A View Document 786 is an object created by the MenuManager 778, in a call Create (new) 820, to handle the task of displaying an SGML or HTML document through a display window. The user requests document viewing by selecting the View button from the menu bar 514 exemplified in FIG. 10. The Menu Manager 778 passes the MessageDialogService 776 to the ViewDocument 786 so that it may display messages to the user.

FIG. 15 shows an object message diagram to display the dynamic relationships that exist among the objects of the invention when an SGML document is being opened for the first time. A User 830 requests, from an Application Window 772, opening an SGML document file using a call OpenSGML 840. This is accomplished by the user's selection of the File button in the menu bar 514 of FIG. 10, followed by selection of the Open SGML option in the resulting sub-menu. The Application Window 772 sends a call OpenSGML 842 to a MenuManager 778 to process the user request. The MenuManager 778 then sends a call OpenSGML 844 to a FileService 782. The FileService 782 initiates a call getFileName 846 to request a file name for the SGML document from the User 830. A User 830 response, a FileName 846, is returned to the FileService 782. The FileService 782 sends a request isFound 848, accompanied by a FileName 848, to an IOService 832 to determine, by a response YES 848, that the FileName 846 returned by the User 830 exists. The FileService 782 then sends a request isReadable 850, accompanied by a FileName 850, to the IOService 832 to determine, by a response YES 850, that the file is also readable by the system. The FileService 782 then sends a request getEntityObject 852 to IOService 832, accompanied by the FileName 852, so that IOService 832 may obtain and return an ntEntity 852, which is associated with an external entity such as an SGML document, and its corresponding DTD, requested by the User 830.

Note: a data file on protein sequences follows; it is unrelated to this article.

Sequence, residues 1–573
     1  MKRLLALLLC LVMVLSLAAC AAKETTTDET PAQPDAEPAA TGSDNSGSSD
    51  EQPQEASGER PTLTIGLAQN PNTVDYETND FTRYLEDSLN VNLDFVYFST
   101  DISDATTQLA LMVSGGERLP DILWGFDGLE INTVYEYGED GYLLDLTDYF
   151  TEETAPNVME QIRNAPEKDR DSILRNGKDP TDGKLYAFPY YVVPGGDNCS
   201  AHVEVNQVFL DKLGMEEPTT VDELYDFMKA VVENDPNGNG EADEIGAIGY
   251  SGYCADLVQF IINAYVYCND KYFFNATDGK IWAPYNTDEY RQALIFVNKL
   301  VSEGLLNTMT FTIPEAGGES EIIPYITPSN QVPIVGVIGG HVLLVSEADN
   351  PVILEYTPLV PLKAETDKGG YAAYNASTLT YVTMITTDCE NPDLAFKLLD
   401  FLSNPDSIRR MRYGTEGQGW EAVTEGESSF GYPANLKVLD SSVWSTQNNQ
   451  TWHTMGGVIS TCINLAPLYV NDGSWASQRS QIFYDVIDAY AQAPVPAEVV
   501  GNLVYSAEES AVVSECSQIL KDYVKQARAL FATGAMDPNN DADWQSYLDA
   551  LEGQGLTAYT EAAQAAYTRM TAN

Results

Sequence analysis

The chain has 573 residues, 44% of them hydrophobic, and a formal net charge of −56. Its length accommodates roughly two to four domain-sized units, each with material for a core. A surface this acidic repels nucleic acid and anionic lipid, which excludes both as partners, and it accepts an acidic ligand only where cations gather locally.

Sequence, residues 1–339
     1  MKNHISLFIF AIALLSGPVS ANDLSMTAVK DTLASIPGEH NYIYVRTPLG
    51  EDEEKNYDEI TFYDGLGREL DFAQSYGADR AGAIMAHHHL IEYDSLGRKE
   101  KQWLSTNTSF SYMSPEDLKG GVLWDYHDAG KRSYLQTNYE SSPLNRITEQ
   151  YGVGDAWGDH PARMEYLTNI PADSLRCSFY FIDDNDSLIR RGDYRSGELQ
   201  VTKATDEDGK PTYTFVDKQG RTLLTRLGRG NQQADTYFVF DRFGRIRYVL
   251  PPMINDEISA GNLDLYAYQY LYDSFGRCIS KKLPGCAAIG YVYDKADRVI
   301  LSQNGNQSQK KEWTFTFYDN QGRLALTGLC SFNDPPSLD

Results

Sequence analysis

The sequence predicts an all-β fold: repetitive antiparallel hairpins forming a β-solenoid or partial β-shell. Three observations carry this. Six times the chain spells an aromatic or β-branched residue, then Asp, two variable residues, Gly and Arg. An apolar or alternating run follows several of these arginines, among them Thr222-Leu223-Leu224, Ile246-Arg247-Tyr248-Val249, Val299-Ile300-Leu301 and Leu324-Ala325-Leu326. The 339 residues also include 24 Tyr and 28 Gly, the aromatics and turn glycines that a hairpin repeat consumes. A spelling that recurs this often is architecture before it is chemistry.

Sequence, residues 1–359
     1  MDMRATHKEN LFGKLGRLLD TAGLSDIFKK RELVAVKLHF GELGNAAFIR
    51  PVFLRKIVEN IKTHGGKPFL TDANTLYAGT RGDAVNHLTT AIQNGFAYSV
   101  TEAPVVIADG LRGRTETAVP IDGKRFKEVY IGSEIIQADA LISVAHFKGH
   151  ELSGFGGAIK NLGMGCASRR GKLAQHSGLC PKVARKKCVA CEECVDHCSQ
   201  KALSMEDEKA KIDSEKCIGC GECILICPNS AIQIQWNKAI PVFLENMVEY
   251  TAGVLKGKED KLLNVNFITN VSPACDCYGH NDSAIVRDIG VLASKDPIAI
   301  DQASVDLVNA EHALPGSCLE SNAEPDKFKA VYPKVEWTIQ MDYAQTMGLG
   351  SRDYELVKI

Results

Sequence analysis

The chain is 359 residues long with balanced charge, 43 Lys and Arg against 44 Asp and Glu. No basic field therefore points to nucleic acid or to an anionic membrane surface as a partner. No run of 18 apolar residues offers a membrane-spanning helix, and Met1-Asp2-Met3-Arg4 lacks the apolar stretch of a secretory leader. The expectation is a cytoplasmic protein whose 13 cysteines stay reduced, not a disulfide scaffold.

The MenuManager 778 sends a request getSGMLNtEntity 854 to the FileService 782 to receive the ntEntity 854 from the FileService 782. The MenuManager 778 then sends the ntEntity 856 to a Parser Service 774 with a call getSymbolTable 856. The Parser Service 774 then generates a SymbolTable 856 for the SGML document, checks that it is a valid symbol table for the SGML document, and returns the SymbolTable 856 to the MenuManager 778. The MenuManager 778 then sends the ntEntity 858 to a MapCreateEditService 792 using a call useThisSGMLDoc 858, and sends the SymbolTable 860 to the MapCreateEditService 792 using a call UseThisSymbolTable 860. The MapCreateEditService 792 then handles further processing of the requested document.